Yowzers! I don’t generally pay attention to these kinds of things so I had to do a double take (and then some quick conversions for my silly American mind to comprehend it) when I saw the price of gas is now at $2.17 per liter. And people are still driving?!
As I imagine anyone with a car would do, I started wondering what kind of savings the average Kiwi driver could accrue by ditching the car, even for just a few days a week. Well, thanks to the NZ Transport Agency, I didn’t have to do the math. Their site, Fuel$aver, provides a nice little resource for folks looking to 1) cut back on their fuel costs; 2) find a more efficient vehicle; or 3) convince drivers that maybe they might want to pull their dusty bikes out of the shed.
According to the site, the “typical New Zealand driver” who covers about 14,000 km per year, driving briskly with windows down, in a car with average efficiency will spend approximately $3,460 per year on fuel. Add in daily trips to take the kids to school and trips around town to do chores and the cost goes up to $3,700. But, what about cutting out a daily trip or two? A driver who makes only trips around town 2-3 times per week can cut her costs to $1,230 per year. That’s a really impressive savings.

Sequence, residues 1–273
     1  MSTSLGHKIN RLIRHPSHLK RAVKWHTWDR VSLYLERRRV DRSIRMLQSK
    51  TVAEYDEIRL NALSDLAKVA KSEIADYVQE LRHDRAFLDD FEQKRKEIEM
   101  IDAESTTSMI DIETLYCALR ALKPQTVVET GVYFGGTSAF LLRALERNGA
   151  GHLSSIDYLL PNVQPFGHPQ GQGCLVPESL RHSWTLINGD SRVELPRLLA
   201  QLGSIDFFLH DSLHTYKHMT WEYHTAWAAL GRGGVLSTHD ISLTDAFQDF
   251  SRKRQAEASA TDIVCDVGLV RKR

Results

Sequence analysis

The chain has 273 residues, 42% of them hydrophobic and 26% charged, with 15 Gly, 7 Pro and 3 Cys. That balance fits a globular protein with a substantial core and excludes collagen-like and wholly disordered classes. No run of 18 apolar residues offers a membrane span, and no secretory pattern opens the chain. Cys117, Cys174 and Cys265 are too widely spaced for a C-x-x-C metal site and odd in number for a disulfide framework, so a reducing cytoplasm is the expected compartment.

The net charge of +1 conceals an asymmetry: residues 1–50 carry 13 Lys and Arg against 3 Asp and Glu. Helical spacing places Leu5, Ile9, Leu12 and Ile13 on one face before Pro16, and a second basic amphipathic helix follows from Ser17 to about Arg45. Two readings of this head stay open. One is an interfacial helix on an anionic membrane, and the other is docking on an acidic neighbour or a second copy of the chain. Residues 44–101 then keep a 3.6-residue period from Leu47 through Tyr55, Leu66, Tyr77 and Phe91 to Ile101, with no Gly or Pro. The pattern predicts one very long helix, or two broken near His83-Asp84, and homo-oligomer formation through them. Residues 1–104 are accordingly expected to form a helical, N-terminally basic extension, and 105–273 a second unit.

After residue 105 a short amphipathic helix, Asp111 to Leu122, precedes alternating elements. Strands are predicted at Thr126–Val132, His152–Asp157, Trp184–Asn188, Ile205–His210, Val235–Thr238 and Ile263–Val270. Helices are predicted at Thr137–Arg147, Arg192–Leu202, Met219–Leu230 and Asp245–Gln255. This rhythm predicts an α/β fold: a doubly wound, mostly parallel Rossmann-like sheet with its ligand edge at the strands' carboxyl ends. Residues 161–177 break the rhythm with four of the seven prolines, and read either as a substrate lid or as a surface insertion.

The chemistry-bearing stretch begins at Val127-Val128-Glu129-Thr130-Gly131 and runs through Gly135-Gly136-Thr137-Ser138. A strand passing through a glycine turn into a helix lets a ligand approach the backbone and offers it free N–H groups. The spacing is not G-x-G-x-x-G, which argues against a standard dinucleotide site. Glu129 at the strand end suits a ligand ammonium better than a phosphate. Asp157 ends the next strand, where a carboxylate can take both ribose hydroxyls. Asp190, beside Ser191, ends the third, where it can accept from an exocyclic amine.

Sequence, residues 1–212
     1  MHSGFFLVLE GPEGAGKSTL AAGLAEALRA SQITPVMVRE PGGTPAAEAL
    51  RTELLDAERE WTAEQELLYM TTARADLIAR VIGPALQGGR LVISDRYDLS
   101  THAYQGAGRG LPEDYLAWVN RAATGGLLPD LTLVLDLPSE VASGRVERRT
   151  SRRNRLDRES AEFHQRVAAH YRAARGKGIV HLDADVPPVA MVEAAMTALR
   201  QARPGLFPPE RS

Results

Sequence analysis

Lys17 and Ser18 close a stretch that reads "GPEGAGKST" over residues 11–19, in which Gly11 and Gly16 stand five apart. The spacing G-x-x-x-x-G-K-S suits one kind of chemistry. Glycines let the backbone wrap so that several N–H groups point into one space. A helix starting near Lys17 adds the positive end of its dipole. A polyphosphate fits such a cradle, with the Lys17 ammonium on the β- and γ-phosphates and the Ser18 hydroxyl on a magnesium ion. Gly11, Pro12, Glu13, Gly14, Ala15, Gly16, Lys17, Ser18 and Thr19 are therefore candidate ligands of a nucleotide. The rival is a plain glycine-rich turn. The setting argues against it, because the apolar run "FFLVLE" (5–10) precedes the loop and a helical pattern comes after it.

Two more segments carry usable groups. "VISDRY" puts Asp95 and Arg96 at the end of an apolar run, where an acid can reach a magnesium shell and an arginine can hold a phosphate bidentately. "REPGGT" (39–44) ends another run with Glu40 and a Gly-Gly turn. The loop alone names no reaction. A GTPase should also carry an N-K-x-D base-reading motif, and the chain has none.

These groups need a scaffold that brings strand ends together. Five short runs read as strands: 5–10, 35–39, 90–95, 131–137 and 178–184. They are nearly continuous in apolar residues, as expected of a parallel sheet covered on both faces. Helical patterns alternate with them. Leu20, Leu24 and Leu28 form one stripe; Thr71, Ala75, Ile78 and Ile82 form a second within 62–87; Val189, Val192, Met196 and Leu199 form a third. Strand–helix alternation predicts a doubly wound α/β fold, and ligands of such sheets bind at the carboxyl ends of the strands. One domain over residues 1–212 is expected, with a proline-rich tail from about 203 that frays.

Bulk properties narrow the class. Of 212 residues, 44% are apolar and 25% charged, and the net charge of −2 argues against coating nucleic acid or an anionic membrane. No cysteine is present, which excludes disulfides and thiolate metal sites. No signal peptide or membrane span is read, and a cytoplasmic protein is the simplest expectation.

After checking out the fuel costs of the average taxi driver, I started fantasizing a bit about undercutting that entire (swamped) market here in Wellington with a little pedicab action. Now, to find customers who don’t mind missing their flights due to my leisurely pace around Evans Bay. A girl can dream.
I know a lot of us cyclists out there may wish for the day when everyone leaves their cars at home ALL the time. But, well, baby steps. Cars are convenient, even if occasionally scary to us as we hug the curb and say our prayers, and they continue to occupy a place in our current reality. As more of us opt to self-propel around town, I think we’ll start to find new and welcome company as others make the same choice. And, in time, as fuel prices continue to rise, maybe it will be the cars that collect the dust in the shed while the bikes are out cruising the town. Until then, doesn’t it just seem like a really good idea to sock away the $2,000 you could save in fuel costs for something way cooler (and better smelling) than gas?